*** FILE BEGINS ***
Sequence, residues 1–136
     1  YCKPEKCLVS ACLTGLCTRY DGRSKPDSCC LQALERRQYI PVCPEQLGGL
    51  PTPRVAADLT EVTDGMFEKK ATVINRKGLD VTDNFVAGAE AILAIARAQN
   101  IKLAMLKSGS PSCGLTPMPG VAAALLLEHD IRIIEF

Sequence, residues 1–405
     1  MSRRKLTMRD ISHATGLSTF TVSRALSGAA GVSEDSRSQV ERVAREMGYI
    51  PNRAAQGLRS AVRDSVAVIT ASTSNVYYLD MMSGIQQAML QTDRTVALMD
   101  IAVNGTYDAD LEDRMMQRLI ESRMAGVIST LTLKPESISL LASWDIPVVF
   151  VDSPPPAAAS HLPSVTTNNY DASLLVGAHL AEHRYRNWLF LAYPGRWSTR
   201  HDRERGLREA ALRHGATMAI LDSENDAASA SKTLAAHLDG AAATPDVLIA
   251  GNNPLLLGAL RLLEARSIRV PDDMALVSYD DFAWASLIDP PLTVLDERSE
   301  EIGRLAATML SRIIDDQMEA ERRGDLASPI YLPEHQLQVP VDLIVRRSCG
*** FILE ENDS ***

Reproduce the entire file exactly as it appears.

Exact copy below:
Sequence, residues 1–136
     1  YCKPEKCLVS ACLTGLCTRY DGRSKPDSCC LQALERRQYI PVCPEQLGGL
    51  PTPRVAADLT EVTDGMFEKK ATVINRKGLD VTDNFVAGAE AILAIARAQN
   101  IKLAMLKSGS PSCGLTPMPG VAAALLLEHD IRIIEF

Sequence, residues 1–405
     1  MSRRKLTMRD ISHATGLSTF TVSRALSGAA GVSEDSRSQV ERVAREMGYI
    51  PNRAAQGLRS AVRDSVAVIT ASTSNVYYLD MMSGIQQAML QTDRTVALMD
   101  IAVNGTYDAD LEDRMMQRLI ESRMAGVIST LTLKPESISL LASWDIPVVF
   151  VDSPPPAAAS HLPSVTTNNY DASLLVGAHL AEHRYRNWLF LAYPGRWSTR
   201  HDRERGLREA ALRHGATMAI LDSENDAASA SKTLAAHLDG AAATPDVLIA
   251  GNNPLLLGAL RLLEARSIRV PDDMALVSYD DFAWASLIDP PLTVLDERSE
   301  EIGRLAATML SRIIDDQMEA ERRGDLASPI YLPEHQLQVP VDLIVRRSCG